In the main Proof Designer window, you should see a button that says “Write a Proof”. (If you don't, read the instructions for setting up your computer to use Proof Designer.) To start writing a proof, click on the Write a Proof button. (The first time you click on this button, there will be a short delay while certain features of Java start up.)
A dialog box will open, asking you to enter the hypotheses and conclusion of the theorem you want to prove. To enter a hypothesis, type it into the space labeled “Enter hypotheses and conclusion here” and then click the Add Hypothesis button, and it will be added to the list of hypotheses. To enter the conclusion, type it in and click the Set Conclusion button. When typing the hypotheses and conclusion, use ordinary set-theoretic and logical notation. (For a more complete explanation of how to type statements into Proof Designer, click here.) If you change your mind about one of the hypotheses, you can click on it to select it and then click the Cut Hypothesis button to remove it from the list. If you change your mind about the conclusion, just type in a different conclusion and click the Set Conclusion button. The new conclusion will replace the old one. When you have entered the hypotheses and conclusion, click OK.
The dialog box will close, and a new window will open. The window will contain the statement of the theorem you are proving, and a place where the proof will go. As you give commands in Proof Designer, an outline of the proof will gradually take shape in this window. While you are working on the proof, there will usually be one or more gaps in the proof where additional steps need to be filled in. Each gap will be indented and enclosed in a box, and it will have a “?” button in the upper left corner. The gap will say what needs to be filled in at that point in the proof, and then it will give a list of givens—statements that are known to be true at that point in the proof—and the goal of the gap. Usually the goal is a statement that needs to be proven, but occasionally the goal indicates that you need to assign a value to a variable, and you can also have gaps that have no goal at all. Initially, the entire proof consists of a gap whose givens are the hypotheses of the theorem, and whose goal is the conclusion of the theorem.
To add a step to the proof, you click on a given or goal to select it and then give a command from one of the menus at the top of the window. Sometimes you will need to select several items. To do this, select the first item, and then hold down the shift key on the keyboard and click on additional items to add them to the selection. You can also select an entire gap by clicking either on the sentence that introduces the gap or in the margin to the left of the gap.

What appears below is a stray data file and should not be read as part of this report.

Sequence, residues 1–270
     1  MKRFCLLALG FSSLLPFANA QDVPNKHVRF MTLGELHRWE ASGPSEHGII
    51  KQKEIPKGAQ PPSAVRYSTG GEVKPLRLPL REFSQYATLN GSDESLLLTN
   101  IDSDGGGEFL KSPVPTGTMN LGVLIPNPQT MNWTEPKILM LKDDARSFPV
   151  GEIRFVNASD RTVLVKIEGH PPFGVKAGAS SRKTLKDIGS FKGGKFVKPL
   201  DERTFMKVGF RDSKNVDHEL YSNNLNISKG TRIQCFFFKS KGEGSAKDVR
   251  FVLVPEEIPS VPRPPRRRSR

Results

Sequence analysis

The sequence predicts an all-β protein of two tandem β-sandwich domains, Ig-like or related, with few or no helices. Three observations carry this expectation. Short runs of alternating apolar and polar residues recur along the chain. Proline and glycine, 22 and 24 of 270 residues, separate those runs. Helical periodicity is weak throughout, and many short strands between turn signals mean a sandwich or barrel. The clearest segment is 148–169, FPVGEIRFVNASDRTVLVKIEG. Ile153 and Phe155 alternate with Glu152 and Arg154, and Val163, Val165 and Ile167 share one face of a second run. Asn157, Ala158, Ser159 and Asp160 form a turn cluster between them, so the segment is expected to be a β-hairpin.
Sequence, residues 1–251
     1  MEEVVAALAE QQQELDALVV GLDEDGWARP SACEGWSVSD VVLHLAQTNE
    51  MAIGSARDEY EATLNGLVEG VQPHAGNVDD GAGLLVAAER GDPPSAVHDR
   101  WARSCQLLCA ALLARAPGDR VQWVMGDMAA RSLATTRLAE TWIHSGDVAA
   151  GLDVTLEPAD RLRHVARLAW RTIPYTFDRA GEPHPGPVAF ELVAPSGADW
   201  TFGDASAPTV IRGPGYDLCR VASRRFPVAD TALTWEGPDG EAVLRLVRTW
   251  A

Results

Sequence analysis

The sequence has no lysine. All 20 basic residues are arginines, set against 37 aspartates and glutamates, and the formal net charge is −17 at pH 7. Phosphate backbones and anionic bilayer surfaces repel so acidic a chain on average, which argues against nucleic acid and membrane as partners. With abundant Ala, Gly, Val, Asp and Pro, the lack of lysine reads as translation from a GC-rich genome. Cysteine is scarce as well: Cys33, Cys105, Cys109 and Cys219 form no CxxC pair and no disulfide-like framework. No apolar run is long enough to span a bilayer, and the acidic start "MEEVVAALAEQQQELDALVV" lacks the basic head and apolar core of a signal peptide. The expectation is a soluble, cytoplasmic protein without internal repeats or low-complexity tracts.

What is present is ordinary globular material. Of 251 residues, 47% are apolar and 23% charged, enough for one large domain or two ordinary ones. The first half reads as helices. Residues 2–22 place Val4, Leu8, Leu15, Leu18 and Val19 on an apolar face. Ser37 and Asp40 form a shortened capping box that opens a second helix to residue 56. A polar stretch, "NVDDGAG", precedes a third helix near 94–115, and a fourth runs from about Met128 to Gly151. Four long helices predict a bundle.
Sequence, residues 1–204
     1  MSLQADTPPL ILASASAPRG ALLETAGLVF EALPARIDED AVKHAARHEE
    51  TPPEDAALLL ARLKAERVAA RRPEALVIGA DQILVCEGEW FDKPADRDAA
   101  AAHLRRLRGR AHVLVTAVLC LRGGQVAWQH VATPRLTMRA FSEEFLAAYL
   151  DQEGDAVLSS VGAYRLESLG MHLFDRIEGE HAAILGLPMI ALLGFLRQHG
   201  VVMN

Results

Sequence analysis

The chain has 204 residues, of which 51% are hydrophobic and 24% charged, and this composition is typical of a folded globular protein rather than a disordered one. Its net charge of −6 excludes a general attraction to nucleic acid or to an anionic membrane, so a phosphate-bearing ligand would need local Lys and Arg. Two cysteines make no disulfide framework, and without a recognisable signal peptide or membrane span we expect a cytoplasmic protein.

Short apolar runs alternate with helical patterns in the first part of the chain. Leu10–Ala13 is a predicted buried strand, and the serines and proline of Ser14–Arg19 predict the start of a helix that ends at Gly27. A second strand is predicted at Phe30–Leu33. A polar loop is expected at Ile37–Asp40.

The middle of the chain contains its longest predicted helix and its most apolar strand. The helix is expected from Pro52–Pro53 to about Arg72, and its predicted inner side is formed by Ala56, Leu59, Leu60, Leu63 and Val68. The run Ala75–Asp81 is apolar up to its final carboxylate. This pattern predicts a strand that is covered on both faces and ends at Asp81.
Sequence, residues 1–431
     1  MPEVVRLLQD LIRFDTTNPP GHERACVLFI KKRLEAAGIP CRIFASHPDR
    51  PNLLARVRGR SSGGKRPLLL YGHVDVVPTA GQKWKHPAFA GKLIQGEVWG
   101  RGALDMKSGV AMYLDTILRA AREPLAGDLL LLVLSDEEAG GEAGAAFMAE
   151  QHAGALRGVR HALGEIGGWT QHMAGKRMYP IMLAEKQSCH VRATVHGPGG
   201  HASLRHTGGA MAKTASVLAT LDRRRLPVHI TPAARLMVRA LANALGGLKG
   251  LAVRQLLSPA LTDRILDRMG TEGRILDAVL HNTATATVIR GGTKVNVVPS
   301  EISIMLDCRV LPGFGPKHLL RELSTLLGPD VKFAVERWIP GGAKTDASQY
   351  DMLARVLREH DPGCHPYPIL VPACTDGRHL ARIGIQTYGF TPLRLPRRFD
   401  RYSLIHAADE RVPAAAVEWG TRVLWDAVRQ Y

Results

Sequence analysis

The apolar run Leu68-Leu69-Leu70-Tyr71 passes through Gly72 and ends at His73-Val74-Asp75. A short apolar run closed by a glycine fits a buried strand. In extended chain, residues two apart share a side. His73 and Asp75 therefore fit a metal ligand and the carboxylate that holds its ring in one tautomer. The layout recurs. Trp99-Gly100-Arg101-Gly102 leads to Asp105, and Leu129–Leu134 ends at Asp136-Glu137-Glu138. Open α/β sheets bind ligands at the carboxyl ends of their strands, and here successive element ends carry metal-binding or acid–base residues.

As you give commands, steps will be added to the proof, and the givens and goal lists will be updated. Sometimes a step will be justified by a subproof—a sequence of steps that, together, justify an assertion. Each subproof is indented and enclosed in a box, and has a “” button in the upper left corner. Subproofs can be nested inside each other, and a subproof may also contain a gap. You can select a step in the proof by clicking on it. If the step is justified by one or more subproofs, the subproofs get selected as well.
Some commands will add variant forms to givens or goals. A variant of a statement is another statement that is equivalent to the original statement. A variant of a given or goal is listed below the original and indented, and it has an open circle in front of it rather than a bullet. You use a variant just like the original given or goal. In particular, you can select a variant by clicking on it.
You can change the order of the givens in a givens list by pointing to a given, pressing and holding down the mouse button to “grab” it, and then dragging it to a new location in the list. Any variants of the given get moved with it.
If the structure of the proof you are creating gets complicated, you can hide some of the details by clicking on a button in the upper left corner of a subproof or gap. When you click on the button, the details of the subproof or gap are hidden. Click again to show the details again.
Applets are not allowed to print. However, you may be able to print your proof by using one of the Export HTML commands.
Here is a list of all the menu commands. Click on a command to get instructions on how to use the command.